Since wastewater capacity is often determined by water usage, this traditional model isn’t logical with breweries because most of the water used goes back into the product, not down the drain.

Having an experienced design team can help you negotiate with the city’s utility department to help them better understand the process.

Additionally, many cities are concerned with the treatment of process wastewater and require anything from a typical solids interceptor or PH monitor system to the pretreatment of wastewater.

Understanding your local requirement upfront will prepare you for the cost associated with these systems.

Eureka Heights learns local building codes while planning your next brewery


Eureka Heights Brewing Co. in Houston was a renovation of a former food distribution center. The building foundation was insufficient for the weight of the tanks planned for the brewery.

The foundation in the production area had to be cut out and replaced with a stronger foundation to support the current and future tanks.


To see, or not to see…. the brewhouse

Some permitting offices treat breweries as an industrial process facility while others look at them as a bar or restaurant and sometimes codes for both occupancy types are used.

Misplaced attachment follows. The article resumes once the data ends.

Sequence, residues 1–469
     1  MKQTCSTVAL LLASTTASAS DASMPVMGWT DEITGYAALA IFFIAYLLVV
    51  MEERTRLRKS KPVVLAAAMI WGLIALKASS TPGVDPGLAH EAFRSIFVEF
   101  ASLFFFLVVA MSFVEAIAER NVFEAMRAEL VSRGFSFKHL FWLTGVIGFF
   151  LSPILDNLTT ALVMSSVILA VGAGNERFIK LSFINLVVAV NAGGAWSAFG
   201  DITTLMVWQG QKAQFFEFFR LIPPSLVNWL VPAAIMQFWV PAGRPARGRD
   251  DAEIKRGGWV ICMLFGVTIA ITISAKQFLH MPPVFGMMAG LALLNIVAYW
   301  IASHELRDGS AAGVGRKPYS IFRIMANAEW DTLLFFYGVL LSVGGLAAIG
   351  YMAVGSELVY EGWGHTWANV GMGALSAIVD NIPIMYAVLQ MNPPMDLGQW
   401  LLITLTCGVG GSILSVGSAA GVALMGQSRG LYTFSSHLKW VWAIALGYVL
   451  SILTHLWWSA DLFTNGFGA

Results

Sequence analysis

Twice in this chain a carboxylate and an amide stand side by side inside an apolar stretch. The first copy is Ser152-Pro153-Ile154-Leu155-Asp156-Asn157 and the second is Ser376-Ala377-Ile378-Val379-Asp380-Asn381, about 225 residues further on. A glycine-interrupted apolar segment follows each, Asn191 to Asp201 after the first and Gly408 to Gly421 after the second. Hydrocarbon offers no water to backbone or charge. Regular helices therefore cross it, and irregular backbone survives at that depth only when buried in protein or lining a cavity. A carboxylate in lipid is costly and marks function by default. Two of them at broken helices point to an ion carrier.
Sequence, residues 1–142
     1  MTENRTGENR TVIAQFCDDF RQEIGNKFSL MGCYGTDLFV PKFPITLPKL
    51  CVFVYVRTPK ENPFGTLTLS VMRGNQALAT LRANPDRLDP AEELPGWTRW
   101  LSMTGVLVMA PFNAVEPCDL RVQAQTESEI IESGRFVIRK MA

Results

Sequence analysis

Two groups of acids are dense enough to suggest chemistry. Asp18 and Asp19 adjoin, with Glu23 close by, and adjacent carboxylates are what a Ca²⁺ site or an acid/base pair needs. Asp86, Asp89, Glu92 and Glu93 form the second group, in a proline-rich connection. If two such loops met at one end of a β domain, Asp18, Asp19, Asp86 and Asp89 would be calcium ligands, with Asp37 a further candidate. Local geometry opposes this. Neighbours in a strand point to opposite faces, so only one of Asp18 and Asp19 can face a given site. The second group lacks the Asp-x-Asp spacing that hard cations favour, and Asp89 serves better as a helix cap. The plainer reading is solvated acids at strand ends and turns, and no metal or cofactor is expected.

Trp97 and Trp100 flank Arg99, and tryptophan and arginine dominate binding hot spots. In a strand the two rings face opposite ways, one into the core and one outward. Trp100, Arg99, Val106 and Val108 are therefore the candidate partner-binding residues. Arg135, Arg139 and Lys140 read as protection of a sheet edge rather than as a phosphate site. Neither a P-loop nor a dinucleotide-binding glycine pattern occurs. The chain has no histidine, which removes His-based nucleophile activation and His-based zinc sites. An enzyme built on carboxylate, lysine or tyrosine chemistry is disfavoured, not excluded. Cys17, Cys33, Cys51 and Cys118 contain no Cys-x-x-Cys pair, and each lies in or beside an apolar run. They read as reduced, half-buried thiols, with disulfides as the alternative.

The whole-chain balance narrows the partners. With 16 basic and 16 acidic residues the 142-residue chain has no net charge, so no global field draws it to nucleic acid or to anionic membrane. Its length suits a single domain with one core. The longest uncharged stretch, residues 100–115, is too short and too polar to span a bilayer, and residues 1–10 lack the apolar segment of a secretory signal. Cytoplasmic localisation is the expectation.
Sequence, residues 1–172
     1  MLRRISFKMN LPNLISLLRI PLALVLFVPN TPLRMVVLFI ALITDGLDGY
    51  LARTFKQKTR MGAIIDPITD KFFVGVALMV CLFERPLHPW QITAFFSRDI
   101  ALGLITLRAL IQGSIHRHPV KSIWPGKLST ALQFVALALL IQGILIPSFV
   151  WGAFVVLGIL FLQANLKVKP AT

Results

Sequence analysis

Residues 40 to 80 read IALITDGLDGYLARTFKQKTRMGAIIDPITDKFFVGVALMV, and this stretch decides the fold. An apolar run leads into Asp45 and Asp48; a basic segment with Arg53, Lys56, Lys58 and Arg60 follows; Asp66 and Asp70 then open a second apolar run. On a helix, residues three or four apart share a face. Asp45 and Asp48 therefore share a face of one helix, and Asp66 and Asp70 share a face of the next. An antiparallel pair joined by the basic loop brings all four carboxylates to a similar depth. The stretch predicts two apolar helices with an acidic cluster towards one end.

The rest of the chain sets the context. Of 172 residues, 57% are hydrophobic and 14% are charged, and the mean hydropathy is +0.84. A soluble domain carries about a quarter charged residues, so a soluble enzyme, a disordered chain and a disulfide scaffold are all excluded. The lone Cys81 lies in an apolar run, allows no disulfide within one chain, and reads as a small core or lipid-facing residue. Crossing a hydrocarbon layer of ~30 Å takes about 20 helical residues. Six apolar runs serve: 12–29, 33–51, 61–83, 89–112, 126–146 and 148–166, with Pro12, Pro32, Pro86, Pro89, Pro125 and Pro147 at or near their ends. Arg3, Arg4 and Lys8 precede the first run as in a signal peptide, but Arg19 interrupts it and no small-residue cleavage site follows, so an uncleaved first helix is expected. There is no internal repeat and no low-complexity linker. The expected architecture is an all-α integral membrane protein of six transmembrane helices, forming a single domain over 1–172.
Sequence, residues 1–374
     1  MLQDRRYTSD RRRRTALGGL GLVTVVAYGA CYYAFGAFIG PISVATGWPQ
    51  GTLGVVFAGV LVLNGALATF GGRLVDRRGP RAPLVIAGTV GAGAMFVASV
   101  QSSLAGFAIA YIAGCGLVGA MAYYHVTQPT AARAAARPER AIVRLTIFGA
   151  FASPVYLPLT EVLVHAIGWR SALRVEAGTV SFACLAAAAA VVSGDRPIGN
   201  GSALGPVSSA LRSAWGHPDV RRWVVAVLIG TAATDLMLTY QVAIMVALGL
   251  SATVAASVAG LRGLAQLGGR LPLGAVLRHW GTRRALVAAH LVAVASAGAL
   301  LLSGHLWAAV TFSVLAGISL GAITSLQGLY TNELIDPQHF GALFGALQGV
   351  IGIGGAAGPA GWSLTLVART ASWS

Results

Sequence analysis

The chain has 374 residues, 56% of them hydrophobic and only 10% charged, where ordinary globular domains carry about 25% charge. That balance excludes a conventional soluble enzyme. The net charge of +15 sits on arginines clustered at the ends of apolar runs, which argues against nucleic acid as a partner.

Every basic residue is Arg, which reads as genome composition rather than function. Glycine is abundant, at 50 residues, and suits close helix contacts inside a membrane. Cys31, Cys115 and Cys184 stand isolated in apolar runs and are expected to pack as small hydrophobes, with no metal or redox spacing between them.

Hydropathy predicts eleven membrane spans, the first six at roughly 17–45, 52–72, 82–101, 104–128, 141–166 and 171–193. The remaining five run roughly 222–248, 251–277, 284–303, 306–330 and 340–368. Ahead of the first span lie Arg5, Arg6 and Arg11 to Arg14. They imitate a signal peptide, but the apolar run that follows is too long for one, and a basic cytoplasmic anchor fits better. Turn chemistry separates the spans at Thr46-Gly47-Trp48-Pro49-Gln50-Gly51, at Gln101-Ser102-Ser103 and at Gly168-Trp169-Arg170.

City of Houston requires the brewhouse to be enclosed to meet health and safety requirements, however other jurisdictions allow it out in the open. Code requirements must be carefully coordinated with local authorities, as there are many factors such as sprinkler systems and the size of your brewery that could also require the brewhouse to be closed off.


Raise the roof

Bear King Brewing in Marble Falls, Texas renovated a former warehouse into their new brewery; however, the existing clear heights were too low for the larger tanks. A section of the roof and part of the secondary structure was removed to build a new pop-up roof to allow for the height of the new tanks.

Involving a local brewery design team at the beginning of your project can help you navigate how your local jurisdiction handles these facilities and can save you a lot of time and headache further into the project.

Method Has Changed the Game

Method has helped plan, build-out, or add to some of your favorite breweries. Many of them will be at Brewmasters’ 10th Anniversary Beer Festival.

Great Heights
Eureka Heights
And literally many more, but not in the corny late-night infomercial way….

Get some tickets to one of America’s highest rated beer festivals, support Method Architecture, Houston breweries, and save yourself some $ on general admission tickets to Saturday’s Brewhaha beer tasting with code “BC”


Method Architecture is an ego-free architecture and interior design firm specializing in brewery and distillery projects as well as retail, industrial, office and public. Method has designed over 30 breweries and distilleries across Texas.


Beer Chronicle Team